Thursday, August 20, 2009

Book Update...

Today, just an excerpt from Flipped. It's pieces like this that make me love reading. Those high schoolers better be glad I'm not teaching this year, because we'd definitely be writing a response to this one!

Mostly the things he talked about floated around me, but once in a while something would happen and I would understand exactly what he had meant. "A painting is more than the sum of its parts," he would tell me, and then go on to explain how the cow by itself is just a cow, and the meadow by itself is just grass and flowers, and the sun peeking through the trees is just a beam of light, but put them all together and you've got magic.

I understood what he was saying, but I never felt what he was saying until one day when I was up in the sycamore tree.

The sycamore tree had been at the top of the hill forever. It was on a big vacant lot, giving shade in the summer and a place for birds to nest in the spring. It had a built-in slide for us, too. Its trunk bent up and around in almost a complete spiral, and it was so much fun to ride down. My mom told me she thought the tree must have been damaged as a sapling but survived, and now, maybe a hundred years later, it was still there, the biggest tree she'd ever seen. "A testimony to endurance" is what she called it.

I had always played in the tree, but I didn't become a serious climber until the fifth grade, when I went up to rescue a kite that was stuck in its branches. I'd first spotted the kite floating free through the air and then saw it dive-bomb somewhere up the hill by the sycamore tree.

I've flown kites before and I know - sometimes they're gone forever, and sometimes they're just waiting in the middle of the road for you to rescue them. Kites can be lucky or they can be ornery. I've had both kinds, and a lucky kite is definitely worth chasing after.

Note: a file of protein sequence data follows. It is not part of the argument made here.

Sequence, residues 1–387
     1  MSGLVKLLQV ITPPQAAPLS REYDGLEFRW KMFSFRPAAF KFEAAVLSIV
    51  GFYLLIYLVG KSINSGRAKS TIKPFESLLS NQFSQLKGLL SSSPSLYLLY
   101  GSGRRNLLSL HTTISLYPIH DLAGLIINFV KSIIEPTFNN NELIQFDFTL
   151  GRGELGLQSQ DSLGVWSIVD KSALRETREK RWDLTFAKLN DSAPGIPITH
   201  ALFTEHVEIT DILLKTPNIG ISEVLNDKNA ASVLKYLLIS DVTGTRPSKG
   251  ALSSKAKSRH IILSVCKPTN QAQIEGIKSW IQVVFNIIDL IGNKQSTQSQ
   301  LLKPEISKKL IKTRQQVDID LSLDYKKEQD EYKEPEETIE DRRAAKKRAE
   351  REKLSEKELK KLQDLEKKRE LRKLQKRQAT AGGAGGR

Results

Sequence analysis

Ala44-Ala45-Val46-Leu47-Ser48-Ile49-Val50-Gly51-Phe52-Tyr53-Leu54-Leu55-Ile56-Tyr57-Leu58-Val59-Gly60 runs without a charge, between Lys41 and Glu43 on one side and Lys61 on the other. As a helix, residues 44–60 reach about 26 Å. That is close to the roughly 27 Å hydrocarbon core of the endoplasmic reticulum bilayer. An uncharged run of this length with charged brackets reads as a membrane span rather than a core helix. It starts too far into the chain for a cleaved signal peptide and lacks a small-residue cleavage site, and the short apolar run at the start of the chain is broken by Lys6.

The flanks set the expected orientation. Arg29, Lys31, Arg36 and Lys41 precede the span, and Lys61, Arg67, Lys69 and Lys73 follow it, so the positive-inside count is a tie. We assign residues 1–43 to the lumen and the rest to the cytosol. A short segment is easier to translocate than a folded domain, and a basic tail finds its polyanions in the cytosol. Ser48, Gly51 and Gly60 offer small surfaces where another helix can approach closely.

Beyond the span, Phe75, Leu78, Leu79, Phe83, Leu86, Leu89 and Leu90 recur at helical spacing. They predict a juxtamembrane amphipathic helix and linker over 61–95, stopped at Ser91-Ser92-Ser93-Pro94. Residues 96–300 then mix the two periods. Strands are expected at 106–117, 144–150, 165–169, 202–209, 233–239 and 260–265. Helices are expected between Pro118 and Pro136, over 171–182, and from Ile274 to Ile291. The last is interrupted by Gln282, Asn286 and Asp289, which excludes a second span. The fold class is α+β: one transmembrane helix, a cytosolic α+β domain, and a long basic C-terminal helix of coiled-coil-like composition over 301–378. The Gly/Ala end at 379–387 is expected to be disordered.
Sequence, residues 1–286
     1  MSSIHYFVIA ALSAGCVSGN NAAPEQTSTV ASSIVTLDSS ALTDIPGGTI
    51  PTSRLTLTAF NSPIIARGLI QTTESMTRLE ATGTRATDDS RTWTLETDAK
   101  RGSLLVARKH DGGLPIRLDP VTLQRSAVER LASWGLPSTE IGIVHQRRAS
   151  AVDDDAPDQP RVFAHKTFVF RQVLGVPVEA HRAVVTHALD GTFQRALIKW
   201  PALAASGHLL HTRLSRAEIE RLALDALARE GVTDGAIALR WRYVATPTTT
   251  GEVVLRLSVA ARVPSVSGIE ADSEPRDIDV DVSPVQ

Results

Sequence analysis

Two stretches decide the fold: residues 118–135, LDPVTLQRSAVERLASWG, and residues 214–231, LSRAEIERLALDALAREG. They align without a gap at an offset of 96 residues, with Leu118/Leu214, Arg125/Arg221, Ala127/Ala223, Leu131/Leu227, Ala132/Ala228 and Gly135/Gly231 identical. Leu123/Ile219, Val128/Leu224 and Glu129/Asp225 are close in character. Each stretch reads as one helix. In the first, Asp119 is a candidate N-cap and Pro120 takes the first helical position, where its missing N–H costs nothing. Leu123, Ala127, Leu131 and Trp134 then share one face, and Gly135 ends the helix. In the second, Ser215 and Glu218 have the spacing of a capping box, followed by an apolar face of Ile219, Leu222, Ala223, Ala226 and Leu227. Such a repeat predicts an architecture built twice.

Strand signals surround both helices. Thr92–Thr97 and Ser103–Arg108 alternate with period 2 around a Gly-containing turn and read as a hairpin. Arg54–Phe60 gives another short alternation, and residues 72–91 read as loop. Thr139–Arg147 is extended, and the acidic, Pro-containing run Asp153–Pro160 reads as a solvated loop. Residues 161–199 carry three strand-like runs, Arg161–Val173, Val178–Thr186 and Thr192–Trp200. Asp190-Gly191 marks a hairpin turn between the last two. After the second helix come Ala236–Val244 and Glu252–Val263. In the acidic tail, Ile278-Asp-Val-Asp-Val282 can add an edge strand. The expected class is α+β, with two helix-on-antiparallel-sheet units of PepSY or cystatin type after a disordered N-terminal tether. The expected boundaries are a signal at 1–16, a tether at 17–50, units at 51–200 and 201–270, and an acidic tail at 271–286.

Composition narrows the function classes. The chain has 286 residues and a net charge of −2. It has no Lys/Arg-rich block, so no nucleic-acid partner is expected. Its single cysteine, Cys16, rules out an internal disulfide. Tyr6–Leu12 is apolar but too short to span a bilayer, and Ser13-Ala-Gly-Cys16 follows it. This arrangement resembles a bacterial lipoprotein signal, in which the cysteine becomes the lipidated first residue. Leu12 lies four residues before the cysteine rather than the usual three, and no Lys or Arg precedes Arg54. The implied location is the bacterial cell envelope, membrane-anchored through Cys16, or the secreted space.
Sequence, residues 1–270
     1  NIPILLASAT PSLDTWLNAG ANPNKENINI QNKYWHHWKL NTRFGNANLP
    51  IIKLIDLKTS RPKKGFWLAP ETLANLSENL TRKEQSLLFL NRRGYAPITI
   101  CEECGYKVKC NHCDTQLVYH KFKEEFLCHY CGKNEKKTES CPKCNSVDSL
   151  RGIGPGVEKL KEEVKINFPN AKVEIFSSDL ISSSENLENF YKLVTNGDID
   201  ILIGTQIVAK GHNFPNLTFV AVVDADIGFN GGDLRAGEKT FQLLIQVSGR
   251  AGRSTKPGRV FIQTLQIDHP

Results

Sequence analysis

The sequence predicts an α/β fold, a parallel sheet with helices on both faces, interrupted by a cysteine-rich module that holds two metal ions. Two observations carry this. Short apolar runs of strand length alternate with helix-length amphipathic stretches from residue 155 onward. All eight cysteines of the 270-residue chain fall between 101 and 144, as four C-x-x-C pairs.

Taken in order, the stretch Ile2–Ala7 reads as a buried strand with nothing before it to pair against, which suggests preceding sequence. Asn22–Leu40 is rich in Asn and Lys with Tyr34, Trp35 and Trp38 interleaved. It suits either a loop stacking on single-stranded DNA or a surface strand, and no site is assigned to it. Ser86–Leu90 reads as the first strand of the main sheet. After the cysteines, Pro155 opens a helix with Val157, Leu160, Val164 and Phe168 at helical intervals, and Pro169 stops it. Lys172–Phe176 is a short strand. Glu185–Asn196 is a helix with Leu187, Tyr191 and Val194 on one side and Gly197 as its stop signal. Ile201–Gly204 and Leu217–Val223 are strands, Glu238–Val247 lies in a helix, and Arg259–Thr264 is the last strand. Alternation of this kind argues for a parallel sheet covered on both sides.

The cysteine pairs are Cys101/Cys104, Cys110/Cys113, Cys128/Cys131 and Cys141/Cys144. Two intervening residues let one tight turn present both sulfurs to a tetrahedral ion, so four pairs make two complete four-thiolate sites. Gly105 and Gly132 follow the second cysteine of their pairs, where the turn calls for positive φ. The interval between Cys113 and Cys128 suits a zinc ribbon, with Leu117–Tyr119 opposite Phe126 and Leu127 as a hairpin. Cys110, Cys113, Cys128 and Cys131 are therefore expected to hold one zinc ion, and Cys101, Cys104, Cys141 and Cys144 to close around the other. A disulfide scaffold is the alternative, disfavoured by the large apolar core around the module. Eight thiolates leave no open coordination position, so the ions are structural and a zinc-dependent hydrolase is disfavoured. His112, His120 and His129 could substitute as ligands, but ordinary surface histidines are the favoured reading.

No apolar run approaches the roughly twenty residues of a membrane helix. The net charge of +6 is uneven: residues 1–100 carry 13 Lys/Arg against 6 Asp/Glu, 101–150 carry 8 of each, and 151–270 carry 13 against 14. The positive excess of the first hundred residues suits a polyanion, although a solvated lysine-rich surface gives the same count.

This kite looked lucky to me. It wasn't anything fancy, just an old-fashioned diamond with blue and yellow stripes. But it stuttered along in a friendly way, and when it dive-bombed, it seemed to do so from exhaustion as opposed to spite. Ornery kites dive-bomb out of spite. They never get exhausted because they won't stay up long enough to poop out. Thirty feet up they just sort of smirk at you and crash for the fun of it.

So Champ and I ran up to Collier Street, and after scouting the road, Champ started barking at the sycamore tree. I looked up and spotted it, too, flashing blue and yellow through the branches.

It was a long ways up, but I thought I'd give it a shot. I shinnied up the trunk, took a shortcut across the slide, and started climbing. Champ kept a good eye on me, barking me along, and soon I was higher than I'd ever been. But still the kite seemed forever away.

The below me I noticed Bryce coming around the corner and through the vacant lot. And I could tell from the way he was looking up that this was his kite.

What a lucky, lucky kite this was turning out to be!

"Can you climb that high?" he called up to me.

"Sure!" I called back. And up, up, up I went!